Wednesday, December 17, 2008

Where's Denny Crane when we need him

The Boston Legal TV show began winding up last week just as a pre-trial hearing took place at Seattle Municipal Court for 23 citizens who were arrested at Nickelsville back in October. Those folks opted not to leave the West Marginal Way site as a sign of civil disobedience when the police told people living there (residentially challenged, a new term I just found) that they couldn't campout.
You can read the jist of the homeless problem on some of my previous posts and on some of other blogs that I hope to link too sometime this century. Anyway, I showed up at the court to lend moral support to Andrea Bauer and Steve Hoffman, two of the people arrested at Nicklesville that day. Andrea and Steve represent the Freedom Socialist Party, one of many organizations that's stepping up big time for people who sometimes have trouble fighting for themselves.
Andrea, Steve and the other Nickelsville defendants went out in the corrider to plan their next move as the rest of us sat watching the other court cases. Some of it was tedious, and we almost wished that BL's outrageous Denny Crane would make an appearance to liven things up.
But there was one case that stood out. A young woman was brought into court, wearing orange prison garb, and her hands tied behind her back. I wondered if she had just killed 15 people. It turns out the women, who looked about 21, was involved in a hit-and-run accident (apparently no one was hurt); she has a drinking problem and no way to pay damages on the other car.
The judge, Judith Hightower, said that the court would work with the girl if she gets a job (I assume that's after she got released) and she started with restitution for the car. I had two thoughts: 1) this poor girl probably ain't going to find a job and 2) if she had a rich daddy, she sure as hell wouldn't be getting dragged into court tied up like Bobby Seale at the Chicago 7 trials. It is indeed a classist society.
When the Nickelsville people returned it was decided that they'd be heading to court on March 10 at 9 AM. It sounds like they're ready to fight the system and Andrea says, that why'll many of these people were strangers, they're starting to bond, kinda like a sports team.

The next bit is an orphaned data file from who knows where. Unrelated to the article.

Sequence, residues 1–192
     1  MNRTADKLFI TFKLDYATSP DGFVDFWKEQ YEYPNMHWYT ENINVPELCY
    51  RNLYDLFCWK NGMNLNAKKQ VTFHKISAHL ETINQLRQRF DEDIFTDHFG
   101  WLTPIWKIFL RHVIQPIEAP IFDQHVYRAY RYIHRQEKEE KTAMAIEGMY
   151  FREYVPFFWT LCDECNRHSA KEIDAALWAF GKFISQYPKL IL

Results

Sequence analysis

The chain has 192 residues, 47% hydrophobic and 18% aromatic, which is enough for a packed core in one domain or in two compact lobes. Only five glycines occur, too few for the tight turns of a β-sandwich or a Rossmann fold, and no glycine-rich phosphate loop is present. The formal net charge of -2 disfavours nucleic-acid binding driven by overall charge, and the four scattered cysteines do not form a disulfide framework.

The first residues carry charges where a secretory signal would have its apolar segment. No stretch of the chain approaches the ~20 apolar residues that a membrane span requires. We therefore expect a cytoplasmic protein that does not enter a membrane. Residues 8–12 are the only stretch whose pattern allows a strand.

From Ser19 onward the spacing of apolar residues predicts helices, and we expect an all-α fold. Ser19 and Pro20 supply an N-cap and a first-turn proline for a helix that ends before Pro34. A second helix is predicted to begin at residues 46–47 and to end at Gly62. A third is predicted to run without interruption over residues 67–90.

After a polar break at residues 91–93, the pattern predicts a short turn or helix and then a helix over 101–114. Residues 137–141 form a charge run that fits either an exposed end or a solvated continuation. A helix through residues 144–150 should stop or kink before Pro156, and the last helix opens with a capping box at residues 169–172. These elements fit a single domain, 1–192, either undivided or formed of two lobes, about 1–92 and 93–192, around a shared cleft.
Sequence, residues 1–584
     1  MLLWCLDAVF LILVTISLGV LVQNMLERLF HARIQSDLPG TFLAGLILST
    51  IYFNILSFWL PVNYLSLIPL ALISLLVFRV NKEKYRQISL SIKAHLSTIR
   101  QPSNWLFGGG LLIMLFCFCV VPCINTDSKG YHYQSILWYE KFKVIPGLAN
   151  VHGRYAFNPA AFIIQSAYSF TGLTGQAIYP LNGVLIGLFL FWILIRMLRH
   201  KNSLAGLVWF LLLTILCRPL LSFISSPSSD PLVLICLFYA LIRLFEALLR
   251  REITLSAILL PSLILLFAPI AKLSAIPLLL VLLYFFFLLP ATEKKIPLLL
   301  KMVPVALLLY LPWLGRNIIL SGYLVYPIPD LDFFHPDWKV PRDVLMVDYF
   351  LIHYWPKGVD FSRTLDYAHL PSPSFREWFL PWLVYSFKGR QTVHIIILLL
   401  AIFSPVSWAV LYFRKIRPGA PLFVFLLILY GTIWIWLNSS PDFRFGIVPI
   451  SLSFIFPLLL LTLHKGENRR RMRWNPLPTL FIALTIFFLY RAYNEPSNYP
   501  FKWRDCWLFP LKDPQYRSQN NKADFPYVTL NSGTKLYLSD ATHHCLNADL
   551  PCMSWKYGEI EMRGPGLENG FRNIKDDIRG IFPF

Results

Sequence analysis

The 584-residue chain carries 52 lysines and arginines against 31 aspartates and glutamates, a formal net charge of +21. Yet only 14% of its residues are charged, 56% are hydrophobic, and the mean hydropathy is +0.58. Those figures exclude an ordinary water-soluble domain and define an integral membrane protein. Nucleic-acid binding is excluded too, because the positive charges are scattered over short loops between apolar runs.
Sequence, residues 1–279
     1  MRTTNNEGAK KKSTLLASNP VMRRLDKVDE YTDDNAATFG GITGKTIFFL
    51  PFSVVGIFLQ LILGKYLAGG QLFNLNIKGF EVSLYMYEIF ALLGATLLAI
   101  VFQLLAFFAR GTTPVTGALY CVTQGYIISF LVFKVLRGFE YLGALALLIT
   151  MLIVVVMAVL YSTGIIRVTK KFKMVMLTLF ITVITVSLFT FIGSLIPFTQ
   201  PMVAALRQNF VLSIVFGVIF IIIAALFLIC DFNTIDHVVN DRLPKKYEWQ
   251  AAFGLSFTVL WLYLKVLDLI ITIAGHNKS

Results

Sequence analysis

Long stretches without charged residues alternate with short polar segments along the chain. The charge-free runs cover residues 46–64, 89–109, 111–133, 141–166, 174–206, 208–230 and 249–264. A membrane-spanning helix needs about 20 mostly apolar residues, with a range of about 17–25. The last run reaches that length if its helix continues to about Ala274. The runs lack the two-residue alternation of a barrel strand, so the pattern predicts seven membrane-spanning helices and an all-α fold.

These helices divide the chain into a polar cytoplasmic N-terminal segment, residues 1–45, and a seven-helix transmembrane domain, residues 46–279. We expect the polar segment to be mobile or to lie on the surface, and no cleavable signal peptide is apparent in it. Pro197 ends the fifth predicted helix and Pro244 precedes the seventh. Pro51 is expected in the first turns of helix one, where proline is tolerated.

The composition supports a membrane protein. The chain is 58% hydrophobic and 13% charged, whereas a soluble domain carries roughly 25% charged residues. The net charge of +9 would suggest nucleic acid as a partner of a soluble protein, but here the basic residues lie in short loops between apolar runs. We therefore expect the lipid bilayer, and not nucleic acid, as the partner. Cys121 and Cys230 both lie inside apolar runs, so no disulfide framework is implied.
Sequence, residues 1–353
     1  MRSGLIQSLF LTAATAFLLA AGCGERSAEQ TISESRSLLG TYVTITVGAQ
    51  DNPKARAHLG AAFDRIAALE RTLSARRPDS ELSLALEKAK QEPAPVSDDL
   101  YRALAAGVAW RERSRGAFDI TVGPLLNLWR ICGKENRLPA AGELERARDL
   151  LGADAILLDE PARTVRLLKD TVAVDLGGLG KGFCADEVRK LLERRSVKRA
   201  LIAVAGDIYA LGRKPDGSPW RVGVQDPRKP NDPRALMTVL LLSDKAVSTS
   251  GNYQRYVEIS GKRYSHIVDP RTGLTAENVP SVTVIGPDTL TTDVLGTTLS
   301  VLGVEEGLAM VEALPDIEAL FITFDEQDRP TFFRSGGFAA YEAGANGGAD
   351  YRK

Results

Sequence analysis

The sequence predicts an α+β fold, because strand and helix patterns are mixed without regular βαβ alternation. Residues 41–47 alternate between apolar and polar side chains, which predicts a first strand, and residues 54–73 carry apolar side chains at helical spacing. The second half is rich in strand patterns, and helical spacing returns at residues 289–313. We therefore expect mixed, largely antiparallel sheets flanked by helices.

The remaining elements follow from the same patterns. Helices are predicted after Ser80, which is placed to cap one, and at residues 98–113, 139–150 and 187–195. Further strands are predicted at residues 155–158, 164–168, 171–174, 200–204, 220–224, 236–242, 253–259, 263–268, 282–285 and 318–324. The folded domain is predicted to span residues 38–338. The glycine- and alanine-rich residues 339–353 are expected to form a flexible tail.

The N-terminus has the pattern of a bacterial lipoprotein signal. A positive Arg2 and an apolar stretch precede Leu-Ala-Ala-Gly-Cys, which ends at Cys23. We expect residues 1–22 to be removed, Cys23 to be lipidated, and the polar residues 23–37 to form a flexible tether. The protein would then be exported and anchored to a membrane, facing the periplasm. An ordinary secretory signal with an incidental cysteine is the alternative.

Hightower, the judge hearing the case, is the same judge who told the city a couple of years ago that she wasn't going to prosecute anymore people who were brought in for sleeping on the street if the shelters are full. The judge, a small black woman, with short hair, probably in her late `50's, seemed pretty lay back as well. She said if anyone wanted to film the trial just let the lawyers know. Apparently, there's at least one Nickelsville documentary being made.
Let the games begin.

The above YouTube has some really cool stuff that was mostly filmed by Revel and Alex from Real Change unless otherwise noted. There's stuff from all over the country if you click on to the little boxes underneath.

Monday, December 1, 2008

A Personal History

On December 1 2008, my father would have been 95 years old. Even though he’s now been dead more than half of my life he’s still the best person I've ever met. I’ve been thinking about how much 20th century history my dad actually lived through.

My dad was an altar boy growing up. He never would have said anything if a priest touched him inappropriately but he remembered being on the altar a few times when the priest was too drunk to serve Mass. He remember leaning on one priest so he didn’t tip over.